Since the movie follows a team of outlaws, each uniquely characterized and perfectly portrayed by their respective actors, we’re including the whole posse on this list. Led by William Holden’s Pike Bishop, the gang consists of Dutch Engstrom, played by Ernest Borgnine, and the brothers Tector and Lyle Gorch, played by Ben Johnson and Warren Oates, respectively. They’re an easy group to root for, because, despite their gruffness and tendency towards violence, they have an easy-going camaraderie and an underlying sadness that makes them very sympathetic.

John McCabe – McCabe & Mrs. Miller (1971)

McCabe and Mrs. Miller with Warren Beatty
Warner Bros.

One of celebrated director Robert Altman’s most powerful films, McCabe & Mrs. Miller is a powerful revisionist western drama from acclaimed director Robert Altman. It follows an outlaw gambler who moves to a dreary little mountain town and, along with his prostitute partner, sets up a successful business. Soon, a major corporation tries to steal their business out from under them.

The outlaw we root for in this picture is the McCabe of the title: John McCabe, a quick-witted gambler who’s rumored to be the fastest gun around. Although he easily outsmarts many people throughout the movie, one gets the sense that McCabe is something of a born loser; unrequited love and an ever-loosening grip on the enterprise that gives him purpose morph the rugged outlaw into a pitiable character that just can’t seem to get his mojo back.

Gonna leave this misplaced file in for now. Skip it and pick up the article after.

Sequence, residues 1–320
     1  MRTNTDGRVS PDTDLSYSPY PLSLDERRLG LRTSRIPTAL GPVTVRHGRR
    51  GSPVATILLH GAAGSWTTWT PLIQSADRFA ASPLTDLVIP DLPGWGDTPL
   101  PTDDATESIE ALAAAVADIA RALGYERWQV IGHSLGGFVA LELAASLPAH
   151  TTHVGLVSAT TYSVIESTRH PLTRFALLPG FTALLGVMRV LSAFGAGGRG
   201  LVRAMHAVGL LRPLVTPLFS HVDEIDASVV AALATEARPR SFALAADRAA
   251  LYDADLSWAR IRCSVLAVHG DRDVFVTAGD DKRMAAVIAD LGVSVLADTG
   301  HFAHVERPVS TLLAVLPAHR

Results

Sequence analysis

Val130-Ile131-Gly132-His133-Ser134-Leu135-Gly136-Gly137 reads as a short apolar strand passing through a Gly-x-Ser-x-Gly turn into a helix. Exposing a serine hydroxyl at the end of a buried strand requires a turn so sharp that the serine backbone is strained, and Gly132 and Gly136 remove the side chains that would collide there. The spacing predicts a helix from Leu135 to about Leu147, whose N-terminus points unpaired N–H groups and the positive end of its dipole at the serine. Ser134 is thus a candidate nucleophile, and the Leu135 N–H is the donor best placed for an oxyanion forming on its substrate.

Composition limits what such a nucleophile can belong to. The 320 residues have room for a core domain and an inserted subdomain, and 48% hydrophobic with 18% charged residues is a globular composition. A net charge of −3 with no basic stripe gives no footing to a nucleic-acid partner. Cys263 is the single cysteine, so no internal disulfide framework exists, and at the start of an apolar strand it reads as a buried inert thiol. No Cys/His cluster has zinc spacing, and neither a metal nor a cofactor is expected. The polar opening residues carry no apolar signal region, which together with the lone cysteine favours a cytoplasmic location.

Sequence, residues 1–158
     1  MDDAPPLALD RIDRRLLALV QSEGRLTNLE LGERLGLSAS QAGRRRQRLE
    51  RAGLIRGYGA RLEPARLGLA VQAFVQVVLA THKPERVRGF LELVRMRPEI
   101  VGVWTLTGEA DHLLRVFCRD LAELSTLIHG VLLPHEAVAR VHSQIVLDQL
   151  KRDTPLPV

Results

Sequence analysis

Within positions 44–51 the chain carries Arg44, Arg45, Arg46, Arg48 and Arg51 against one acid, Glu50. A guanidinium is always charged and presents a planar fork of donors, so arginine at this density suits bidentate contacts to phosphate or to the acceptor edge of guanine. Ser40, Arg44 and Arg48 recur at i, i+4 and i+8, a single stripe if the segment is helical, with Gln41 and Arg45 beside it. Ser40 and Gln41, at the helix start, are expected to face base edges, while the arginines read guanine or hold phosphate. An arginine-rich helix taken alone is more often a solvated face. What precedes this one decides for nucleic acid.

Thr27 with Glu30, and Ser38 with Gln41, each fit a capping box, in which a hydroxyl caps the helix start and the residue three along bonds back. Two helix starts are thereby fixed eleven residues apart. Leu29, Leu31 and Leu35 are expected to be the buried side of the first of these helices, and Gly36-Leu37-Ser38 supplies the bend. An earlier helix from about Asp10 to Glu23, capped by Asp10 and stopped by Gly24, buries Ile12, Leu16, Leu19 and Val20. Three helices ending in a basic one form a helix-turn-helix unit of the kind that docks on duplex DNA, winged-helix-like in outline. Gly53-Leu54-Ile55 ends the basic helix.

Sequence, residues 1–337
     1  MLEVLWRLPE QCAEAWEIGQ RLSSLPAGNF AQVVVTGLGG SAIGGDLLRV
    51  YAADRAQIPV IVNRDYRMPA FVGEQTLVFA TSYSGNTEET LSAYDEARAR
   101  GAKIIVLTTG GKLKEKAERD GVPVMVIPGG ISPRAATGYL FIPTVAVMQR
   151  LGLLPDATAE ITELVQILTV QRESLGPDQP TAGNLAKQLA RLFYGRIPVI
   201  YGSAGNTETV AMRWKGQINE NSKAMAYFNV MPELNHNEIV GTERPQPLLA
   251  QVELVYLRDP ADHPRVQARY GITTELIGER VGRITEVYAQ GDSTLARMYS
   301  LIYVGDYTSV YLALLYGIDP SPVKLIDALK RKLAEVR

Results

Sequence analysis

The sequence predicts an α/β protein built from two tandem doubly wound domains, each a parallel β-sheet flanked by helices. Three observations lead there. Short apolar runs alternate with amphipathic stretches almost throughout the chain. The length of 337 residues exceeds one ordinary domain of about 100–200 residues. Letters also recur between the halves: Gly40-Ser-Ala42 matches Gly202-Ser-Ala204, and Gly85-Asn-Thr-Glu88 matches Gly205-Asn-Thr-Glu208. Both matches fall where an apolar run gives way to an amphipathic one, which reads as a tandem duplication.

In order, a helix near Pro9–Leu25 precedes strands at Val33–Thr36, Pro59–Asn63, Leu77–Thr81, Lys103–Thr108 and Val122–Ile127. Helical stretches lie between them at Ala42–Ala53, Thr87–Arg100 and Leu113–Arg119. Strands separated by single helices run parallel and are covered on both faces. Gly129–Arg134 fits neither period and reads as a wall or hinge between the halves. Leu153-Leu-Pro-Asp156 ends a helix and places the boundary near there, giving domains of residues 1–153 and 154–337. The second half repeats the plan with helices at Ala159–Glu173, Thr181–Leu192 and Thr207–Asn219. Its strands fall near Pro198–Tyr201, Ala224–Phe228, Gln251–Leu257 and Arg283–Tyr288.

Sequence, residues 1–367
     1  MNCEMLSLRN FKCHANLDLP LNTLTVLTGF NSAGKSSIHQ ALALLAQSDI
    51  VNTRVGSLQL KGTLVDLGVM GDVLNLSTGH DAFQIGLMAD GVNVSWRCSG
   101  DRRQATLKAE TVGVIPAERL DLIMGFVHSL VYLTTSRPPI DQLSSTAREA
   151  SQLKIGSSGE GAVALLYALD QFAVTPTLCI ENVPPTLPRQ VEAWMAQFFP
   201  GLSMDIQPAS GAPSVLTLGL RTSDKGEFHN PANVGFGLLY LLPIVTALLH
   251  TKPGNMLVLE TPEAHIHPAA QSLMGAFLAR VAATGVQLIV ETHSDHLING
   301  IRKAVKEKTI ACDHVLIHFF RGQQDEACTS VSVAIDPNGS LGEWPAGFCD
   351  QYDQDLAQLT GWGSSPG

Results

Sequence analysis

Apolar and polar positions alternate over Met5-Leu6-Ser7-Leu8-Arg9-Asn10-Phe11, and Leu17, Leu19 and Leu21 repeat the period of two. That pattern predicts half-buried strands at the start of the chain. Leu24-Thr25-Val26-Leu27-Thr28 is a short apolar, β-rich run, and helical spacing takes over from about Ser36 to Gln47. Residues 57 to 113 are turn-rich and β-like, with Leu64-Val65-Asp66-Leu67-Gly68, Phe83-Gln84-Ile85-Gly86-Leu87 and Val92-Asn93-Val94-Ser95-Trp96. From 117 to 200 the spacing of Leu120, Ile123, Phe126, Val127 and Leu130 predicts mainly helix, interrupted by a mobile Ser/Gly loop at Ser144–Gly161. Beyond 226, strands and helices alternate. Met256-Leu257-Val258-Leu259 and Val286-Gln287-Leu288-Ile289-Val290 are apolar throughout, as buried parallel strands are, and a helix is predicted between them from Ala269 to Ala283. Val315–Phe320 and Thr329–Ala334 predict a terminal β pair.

Josey Wales – The Outlaw Josey Wales (1976)

The Outlaw Josey Wales
Warner Bros.

The Outlaw Josey Wales is a Clint Eastwood-starring classic Western that follows the titular outlaw on a quest for revenge on the soldiers who murdered his wife and child.

Josey Wales is a nuanced character that is both bloodthirsty and tragically broken-hearted, and Eastwood does a wonderful job bringing him to life. As the film progresses, Wales’ bloodlust lessens as he begins to fall in with a sort of surrogate family that fills the void in his soul. Unfortunately, his newfound peace doesn’t last long, as a big bounty on his head brings trouble back into his life.

Jesse James – The Assassination of Jesse James by the Coward Robert Ford (2007)

Brad Pitt in The Assassination of Jesse James by the Coward Robert Ford
Warner Bros,

The Assassination of Jesse James by the Coward Robert Ford is a stunning modern classic of a Western about the infamous outlaw Jesse James and his attempts to evade the multitudes of bounty hunters bent on claiming the high price on his head.